Around six months or so back, the prevailing consensus was that India would be affected by the global crisis, but growth wouldn’t slip below 7%.

Now that’s more or less the official rose-tinted-glasses view. Then we thought that 6% marked the lower limit—after all, the Indian economy has gone through a structural transformation, we surely couldn’t go back to the bad old days.

Now, several forecasters say GDP growth in 2009-10 will be nearer 5%, while one broker puts it at 3.5%, calling it its “base case".

The table shows some of the recent forecasts of a few research outfits. As can be seen, they cover a wide range.

Also See Lowering Estimates (Graphic)

Most of them predict that growth will slow further in fiscal 2010 (FY10), simply because growth in the first half of the current year, at 7.6%, has been pretty robust.

A forecast of 5.5% for fiscal 2009 presumes that growth in the second half will be as low as 3.4%, which is not a call that most researchers are willing to make, although there are several telltale signs that economic conditions have worsened sharply after September, as seen from the Purchasing Managers Index reports and from the reports on sales of vehicles.

The credit crunch started being felt in India only since October. The fall in exports too has just started.

As Goldman Sachs Group Inc.’ Tushar Poddar has put it, “We now see further risks to the downside as problems in the financial sector feed through to the real sector… Corporates will be the most affected, and as a result, investment demand will suffer the most, followed by external demand, and finally by a slowdown in consumption." Nomura Financial Advisory and Securities (India) Pvt. Ltd believes that fixed investment growth will slump to 2.5% in FY10.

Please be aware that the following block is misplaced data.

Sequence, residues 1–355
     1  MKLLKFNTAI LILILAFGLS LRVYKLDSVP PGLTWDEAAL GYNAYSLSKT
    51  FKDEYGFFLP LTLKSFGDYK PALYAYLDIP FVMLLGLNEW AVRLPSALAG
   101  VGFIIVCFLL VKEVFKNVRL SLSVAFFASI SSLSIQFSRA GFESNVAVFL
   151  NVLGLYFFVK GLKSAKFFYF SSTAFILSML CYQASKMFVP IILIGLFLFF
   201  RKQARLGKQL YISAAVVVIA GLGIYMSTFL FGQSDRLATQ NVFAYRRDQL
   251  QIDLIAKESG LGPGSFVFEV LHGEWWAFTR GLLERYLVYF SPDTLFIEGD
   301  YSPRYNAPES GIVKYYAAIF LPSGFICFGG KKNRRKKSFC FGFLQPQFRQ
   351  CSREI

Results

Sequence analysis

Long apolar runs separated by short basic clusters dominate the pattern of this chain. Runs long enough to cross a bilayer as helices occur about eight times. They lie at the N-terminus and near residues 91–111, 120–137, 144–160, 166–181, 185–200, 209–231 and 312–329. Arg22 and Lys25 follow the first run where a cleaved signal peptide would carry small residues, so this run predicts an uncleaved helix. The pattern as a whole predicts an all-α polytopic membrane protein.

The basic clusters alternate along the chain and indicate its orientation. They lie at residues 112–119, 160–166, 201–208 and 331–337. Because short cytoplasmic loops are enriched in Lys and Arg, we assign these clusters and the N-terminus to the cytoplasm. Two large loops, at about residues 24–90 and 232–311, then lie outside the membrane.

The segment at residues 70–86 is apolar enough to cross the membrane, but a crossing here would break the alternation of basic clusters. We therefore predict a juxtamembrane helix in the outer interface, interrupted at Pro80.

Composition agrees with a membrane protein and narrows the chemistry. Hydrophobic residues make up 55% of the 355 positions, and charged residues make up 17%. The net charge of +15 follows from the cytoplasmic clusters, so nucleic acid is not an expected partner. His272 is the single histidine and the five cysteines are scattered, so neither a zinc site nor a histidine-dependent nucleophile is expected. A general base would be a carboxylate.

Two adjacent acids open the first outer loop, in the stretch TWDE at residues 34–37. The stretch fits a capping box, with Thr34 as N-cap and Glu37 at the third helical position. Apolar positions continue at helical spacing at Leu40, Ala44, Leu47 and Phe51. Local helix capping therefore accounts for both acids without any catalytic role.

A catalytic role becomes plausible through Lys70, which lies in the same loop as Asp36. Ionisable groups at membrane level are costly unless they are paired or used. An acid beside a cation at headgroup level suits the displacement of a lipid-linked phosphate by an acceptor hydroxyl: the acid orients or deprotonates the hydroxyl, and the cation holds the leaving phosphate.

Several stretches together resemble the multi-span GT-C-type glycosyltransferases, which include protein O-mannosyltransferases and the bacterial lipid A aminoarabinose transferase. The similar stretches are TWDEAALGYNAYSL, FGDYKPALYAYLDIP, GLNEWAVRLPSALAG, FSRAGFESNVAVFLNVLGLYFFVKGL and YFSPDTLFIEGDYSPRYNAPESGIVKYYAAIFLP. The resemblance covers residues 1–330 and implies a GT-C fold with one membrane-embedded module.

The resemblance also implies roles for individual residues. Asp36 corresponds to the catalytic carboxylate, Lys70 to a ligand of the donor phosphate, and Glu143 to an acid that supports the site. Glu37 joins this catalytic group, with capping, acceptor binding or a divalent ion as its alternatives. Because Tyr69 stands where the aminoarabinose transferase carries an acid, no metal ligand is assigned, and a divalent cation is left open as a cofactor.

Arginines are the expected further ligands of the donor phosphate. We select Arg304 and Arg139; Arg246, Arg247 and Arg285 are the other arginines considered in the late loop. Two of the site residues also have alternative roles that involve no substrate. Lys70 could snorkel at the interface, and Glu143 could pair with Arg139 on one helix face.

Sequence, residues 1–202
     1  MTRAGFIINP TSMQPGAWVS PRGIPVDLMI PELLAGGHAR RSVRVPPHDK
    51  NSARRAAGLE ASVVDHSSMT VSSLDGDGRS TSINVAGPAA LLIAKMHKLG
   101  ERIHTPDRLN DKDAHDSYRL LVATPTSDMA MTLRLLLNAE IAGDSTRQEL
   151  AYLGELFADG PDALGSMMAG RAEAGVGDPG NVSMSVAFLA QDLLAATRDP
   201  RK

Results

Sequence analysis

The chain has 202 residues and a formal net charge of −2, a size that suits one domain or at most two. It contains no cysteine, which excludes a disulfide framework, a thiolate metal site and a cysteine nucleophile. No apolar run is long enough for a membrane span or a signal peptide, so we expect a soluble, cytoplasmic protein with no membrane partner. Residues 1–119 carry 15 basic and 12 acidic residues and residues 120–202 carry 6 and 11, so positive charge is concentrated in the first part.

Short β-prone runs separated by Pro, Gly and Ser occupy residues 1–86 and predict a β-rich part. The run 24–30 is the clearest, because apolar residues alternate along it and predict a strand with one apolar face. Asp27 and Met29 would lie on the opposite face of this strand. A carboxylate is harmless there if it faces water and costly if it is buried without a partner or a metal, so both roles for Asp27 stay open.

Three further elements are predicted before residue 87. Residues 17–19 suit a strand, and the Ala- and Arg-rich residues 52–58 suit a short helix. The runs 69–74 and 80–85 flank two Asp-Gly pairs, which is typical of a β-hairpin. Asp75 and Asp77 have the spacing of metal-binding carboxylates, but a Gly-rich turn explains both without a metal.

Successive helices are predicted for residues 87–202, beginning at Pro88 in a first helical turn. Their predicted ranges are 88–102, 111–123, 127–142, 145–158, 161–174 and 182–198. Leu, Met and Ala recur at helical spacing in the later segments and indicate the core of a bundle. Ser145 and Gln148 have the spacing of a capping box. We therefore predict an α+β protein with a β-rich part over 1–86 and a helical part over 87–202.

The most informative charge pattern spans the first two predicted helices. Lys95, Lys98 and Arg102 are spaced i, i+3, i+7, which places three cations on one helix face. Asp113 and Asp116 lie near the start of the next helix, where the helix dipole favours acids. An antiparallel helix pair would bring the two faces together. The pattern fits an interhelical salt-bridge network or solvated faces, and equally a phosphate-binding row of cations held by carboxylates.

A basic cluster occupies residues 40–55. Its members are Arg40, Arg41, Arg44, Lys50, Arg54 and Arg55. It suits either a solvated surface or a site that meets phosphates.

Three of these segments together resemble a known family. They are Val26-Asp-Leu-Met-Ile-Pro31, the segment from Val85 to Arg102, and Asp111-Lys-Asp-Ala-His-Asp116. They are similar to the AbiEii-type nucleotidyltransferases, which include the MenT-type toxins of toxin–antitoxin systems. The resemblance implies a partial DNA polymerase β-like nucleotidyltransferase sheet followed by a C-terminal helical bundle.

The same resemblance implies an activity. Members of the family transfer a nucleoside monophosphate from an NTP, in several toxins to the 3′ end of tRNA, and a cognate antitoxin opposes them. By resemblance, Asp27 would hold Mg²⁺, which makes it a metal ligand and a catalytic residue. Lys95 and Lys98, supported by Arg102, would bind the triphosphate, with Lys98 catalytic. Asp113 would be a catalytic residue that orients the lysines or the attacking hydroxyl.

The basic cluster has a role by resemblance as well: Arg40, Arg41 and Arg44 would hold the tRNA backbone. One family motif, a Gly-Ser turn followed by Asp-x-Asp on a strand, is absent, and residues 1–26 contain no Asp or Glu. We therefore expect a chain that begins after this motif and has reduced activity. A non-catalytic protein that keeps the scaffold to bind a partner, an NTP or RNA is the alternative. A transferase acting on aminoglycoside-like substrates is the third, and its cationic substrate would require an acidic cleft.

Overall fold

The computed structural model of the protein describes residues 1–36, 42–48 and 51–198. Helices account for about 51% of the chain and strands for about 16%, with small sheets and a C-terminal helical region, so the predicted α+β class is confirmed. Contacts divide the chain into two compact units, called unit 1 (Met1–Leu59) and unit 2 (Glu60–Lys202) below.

What are the differences between the optimists and the pessimists? There’s not much difference between the forecasts for agricultural growth, which is as it should be, since nobody can predict what the rains will bring.

But First Global has a very low rate of growth for agriculture in the current year. And although there are differences in the range of manufacturing growth, the real difference is between those who believe that services growth will hold up relatively well and those who think that it too will follow manufacturing down into the dumps.

Interestingly, India’s GDP growth rate fell to as low as 3.8% in 2002-03, during the last downturn after the dotcom bust.

Since then, savings and investment rates have gone up considerably, which is perhaps why most research houses do not foresee growth rates dropping to that level. Says Ajit Ranade, chief economist with the Aditya Birla Group, “Even if the savings rate dips from 35% to around 30% due to decrease in corporate savings, lower energy and fertilizer prices will provide enough headroom for the government to provide a fiscal stimulus."

But he believes that could happen only after the next general elections.

The problem is that this time it’s not only a cyclical slowdown, but also a global crisis. So far, however, almost all forecasts predict that structural improvements (like the higher savings rate) will offset the impact of the global shock.

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Graphics by Sandeep Bhatnagar / Mint